Giving effective employee feedback is a valuable but sometimes poorly executed or even neglected skill. While effective feedback can grow and develop staff, improve levels of trust and communication within an organization, and strengthen bonds between employees and managers, Len Petrancosta of Peak Performance Management finds that managers often stumble into a few common pitfalls. Their feedback tends to be vague, generalized, and directed at the recipient’s character or personality rather than at the target behavior. In a recent webinar sponsored by Peak Revenue Learning, Petrancosta recommended countering this by following a useful feedback model.
Positive feedback is always, appreciated, but managers should offer something better than a generalized “great job”. Petrancosta says, “SBI – Situation, Behavior, Impact – will allow you to give feedback more productively. It will expand the self-awareness of the person you’re giving it to. It’s much less likely to trigger defensiveness.”
When describing the situation that prompted feedback, name a specific event or circumstance. This anchors the feedback in a particular time and place, and helps the person understand the context. “They can put themselves right back in that time and place.”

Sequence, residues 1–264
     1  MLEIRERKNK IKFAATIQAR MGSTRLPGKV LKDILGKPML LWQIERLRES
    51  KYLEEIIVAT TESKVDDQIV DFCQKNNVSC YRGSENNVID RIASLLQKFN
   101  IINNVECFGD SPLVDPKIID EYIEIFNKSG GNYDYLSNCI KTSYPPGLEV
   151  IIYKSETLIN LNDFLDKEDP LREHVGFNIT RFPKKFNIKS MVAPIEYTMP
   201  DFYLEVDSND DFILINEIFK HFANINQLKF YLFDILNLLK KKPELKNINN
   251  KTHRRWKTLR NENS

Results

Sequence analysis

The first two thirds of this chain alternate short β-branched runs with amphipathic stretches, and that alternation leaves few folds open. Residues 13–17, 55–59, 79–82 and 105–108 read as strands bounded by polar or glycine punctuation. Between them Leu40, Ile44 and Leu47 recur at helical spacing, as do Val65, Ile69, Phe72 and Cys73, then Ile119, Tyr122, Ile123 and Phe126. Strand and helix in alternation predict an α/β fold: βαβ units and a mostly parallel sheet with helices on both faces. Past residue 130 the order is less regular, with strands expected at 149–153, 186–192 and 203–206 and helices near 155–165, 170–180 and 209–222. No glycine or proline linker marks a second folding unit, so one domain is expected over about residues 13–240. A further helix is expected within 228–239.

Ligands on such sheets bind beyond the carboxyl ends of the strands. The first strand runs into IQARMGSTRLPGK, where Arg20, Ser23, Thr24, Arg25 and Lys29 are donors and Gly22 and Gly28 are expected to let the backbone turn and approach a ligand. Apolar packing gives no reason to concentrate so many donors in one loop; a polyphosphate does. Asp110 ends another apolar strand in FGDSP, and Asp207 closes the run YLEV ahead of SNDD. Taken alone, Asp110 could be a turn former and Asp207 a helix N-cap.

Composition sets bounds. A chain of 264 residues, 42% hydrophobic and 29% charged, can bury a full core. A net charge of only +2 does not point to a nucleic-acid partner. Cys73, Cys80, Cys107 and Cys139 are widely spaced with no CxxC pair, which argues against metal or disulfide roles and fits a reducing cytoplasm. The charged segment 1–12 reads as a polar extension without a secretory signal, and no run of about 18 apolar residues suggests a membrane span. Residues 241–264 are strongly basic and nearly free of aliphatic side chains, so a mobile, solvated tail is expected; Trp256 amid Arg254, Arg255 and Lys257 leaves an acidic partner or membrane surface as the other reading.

This element allows the person receiving the feedback to know specifically how they behaved. Focusing on what they did, what was observable, and what was the impact of that behavior, either positive or negative, emphasizes the behavior in question. Should this behavior be repeated? Should it be reduced? The recipient comes away from the conversation knowing what
Remember, behaviors are things that are observable – actions, verbal comments, nonverbal signals, and mannerisms. These are not generalizations and classifications, such as “You were friendly”, or evaluations, such as “You were too controlling”. Describe the behavior, with clarity and specificity, and not the person.
Impact is the result of an individual’s behavior, emotionally, on the task, or on the group. “It’s important to connect the dots between these three elements.” These are things like what others think, feel, or do as a result of an action, rather than an interpretation or judgment of the person’s intent.
With these guidelines at the ready, participants are looking forward to the benefits effective behavioral feedback can provide – reduced negative behavior, improved productivity and performance, and less stress on everyone.
How to Give Effective Feedback: